DAY 21

January 16th, 2013 Comments Off

Wally at Wembley

I had written a lengthy and thoughtful dissertation on this picture (validity of using material from folk art, comparison of Wally with L. S. Lowry,…) Plus, an explanation on latitude. I was scratching my head on longitude, as many have done before me, and paused for a couple of days to return to the page – all gone! WordPress, what are you up to? Are you another part of the infamous technology which the over-70′s are defeated by?

Must I then return?  One point – many of my fans hastened to point out that I’d, like, totally goofed in my definition of ‘returns to education’ in the last  post. As anyone who thinks about it can probably work out for themselves: if your schooling profits you at all, it’s that your screw increases by a certain percentage, not a certain amount, per year you spend getting schooled; and so you need (I’m sure you can see the point) a linear regression of ‘years of schooling’ against the logarithm of earnings so as to define – Oh, forget it.

 My original aim in raising the question of ‘where we are and how we know it’ was not so much to go on about these classical questions as to move briskly to the satnav, the mobile phone, and the drone (you guessed it). However, promises should be kept – see Nietzsche on how many centuries of torture it has taken for humans to get this idea into their thick heads. So.

1. Let’s assume, to make things shorter, that the Earth is a sphere (roughly), and we agree a system of labelling places on it by latitude, from -90 to +90, and by longitude, from 180 East to 180 West. (Idea dating from around the time of Ptolemy, see the Almagest.)

2. This still leaves the question of finding out what your lat and long are. The latitude is relatively easy, at least these days, on a clear night in the northern hemisphere. Find the pole star, and use your sextant or astrolabe to get its elevation (degrees above the horizon). That, near enough, is the latitude.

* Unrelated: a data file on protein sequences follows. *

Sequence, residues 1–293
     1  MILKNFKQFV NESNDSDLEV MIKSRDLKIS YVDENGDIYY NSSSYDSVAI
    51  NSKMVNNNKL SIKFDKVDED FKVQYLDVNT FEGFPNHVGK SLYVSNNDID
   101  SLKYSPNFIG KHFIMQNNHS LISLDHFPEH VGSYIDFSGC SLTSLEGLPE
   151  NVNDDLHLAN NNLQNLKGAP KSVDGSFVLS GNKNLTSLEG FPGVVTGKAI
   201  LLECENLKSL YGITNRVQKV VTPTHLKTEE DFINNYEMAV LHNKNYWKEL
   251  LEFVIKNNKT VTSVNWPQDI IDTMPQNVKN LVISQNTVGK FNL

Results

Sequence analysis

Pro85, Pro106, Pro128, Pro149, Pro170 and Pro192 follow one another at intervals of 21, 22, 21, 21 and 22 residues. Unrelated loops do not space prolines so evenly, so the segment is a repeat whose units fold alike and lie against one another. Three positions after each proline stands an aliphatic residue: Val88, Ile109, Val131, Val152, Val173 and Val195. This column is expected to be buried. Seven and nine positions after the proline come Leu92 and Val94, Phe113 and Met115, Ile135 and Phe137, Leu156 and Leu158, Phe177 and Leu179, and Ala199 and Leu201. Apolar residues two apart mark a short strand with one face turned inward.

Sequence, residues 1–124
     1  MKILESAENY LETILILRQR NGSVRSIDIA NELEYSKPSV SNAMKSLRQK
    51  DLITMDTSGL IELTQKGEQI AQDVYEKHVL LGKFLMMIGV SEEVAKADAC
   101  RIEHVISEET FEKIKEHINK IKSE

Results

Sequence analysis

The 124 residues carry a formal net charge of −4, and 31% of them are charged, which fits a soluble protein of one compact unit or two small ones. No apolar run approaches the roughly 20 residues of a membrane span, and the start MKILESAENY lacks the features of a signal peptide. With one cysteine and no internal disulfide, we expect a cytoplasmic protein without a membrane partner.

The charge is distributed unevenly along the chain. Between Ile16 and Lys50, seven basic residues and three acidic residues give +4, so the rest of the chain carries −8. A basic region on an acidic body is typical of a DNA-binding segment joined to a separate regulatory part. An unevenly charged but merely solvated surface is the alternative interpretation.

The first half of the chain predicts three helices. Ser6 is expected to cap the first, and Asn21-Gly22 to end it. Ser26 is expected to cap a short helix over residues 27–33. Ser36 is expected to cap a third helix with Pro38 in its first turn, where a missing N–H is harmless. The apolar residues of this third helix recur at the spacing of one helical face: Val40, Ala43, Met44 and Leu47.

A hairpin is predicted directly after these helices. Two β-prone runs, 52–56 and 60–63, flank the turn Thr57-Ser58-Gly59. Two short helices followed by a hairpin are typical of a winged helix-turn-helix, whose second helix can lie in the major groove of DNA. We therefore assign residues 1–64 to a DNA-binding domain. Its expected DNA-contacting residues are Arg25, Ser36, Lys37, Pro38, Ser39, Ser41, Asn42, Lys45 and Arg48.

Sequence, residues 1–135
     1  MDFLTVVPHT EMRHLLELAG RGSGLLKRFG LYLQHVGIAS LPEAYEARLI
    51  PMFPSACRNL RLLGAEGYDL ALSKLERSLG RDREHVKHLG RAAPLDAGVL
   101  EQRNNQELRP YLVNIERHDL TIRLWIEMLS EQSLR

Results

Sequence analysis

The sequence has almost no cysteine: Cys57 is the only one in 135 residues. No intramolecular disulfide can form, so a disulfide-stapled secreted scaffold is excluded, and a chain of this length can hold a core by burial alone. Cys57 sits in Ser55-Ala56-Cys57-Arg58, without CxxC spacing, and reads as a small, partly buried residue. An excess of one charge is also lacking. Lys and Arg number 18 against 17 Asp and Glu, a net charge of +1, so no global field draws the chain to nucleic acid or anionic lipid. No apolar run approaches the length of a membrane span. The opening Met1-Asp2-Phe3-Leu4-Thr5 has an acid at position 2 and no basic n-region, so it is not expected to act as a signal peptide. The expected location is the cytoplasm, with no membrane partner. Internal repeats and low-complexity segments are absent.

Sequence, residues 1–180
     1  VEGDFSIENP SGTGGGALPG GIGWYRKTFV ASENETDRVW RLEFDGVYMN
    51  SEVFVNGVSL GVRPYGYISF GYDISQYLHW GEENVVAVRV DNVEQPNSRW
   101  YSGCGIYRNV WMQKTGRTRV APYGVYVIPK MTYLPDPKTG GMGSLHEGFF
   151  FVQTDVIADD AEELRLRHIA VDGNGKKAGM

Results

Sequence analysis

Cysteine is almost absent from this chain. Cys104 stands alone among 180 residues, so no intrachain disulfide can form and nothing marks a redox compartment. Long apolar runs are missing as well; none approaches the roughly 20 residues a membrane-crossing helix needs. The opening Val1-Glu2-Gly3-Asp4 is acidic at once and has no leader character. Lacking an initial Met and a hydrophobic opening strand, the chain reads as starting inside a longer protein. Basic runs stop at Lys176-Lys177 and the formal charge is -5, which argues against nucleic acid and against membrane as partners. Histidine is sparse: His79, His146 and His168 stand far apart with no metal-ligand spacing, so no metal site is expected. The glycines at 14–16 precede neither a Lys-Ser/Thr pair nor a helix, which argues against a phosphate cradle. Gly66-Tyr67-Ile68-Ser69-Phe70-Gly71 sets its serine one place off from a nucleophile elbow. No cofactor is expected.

An astrolabe

3. It’s the longitude that’s the problem. East and West of where? When al-Biruni was writing the crucial Coordinates of Cities (about 1000 C.E.), which I don’t have to hand, it was probably Baghdad; these days it’s Greenwich. It depends who runs the information system, as everyone knows. Al-Biruni claimed that it was essential to know where you were to determine the qibla, or direction of Mecca, so as to face it in prayer. (Others pointed out that when God told the faithful to face Mecca it can’t have been his intention to make employment for mathematicians – a reasonable guess should be enough.)

Well, if you’re east of Baghdad, the sun rises earlier. In fact, (work it out), one hour earlier for each 15 degrees of longitude, travelling due east. Even better, the astronomers have worked out what the time of sunrise should be at each point on the earth, given its latitude and longitude; and you can translate backwards. If you have a good clock.

Which is where – as you’ll find from the international best-seller Longitude  (Like St James’ Piccadilly, I won’t give you the Amazon link for the book till they pay their taxes) – John Harrison, inventor of the marine chronometer, 1765, lone genius, comes in; inventing a clock which would keep perfect time over long sea voyages and so tell you (with the help of the astronomers’ tables, and a sextant/astrolabe, and a good view of the stars, or the sun, or both) what your longitude was.

But wouldn’t it be better to do without these unreliable stars, clocks, and so on – and instead manufacture our own star system, with radio sets built in to tell us where they were and what they thought the time was?

Now there’s an idea.

Today’s (perhaps too familiar) verse from Ezra Pound expresses my feelings today:

Winter is icumen in,
Lhude sing Goddamm,
Raineth drop and staineth slop,
And how the wind doth ramm!
Sing: Goddamm.
Skiddeth bus and sloppeth us,
An ague hath my ham.
Freezeth river, turneth liver,
Damm you; Sing: Goddamm.
Goddamm, Goddamm, ’tis why I am, Goddamm,
So ‘gainst the winter’s balm.
Sing goddamm, damm, sing goddamm,
Sing goddamm, sing goddamm, DAMM.

A more cheerful winter memory: Georges Brassens’ ‘Chanson pour l’Auvergnat‘ is today’s song…

Comments are closed.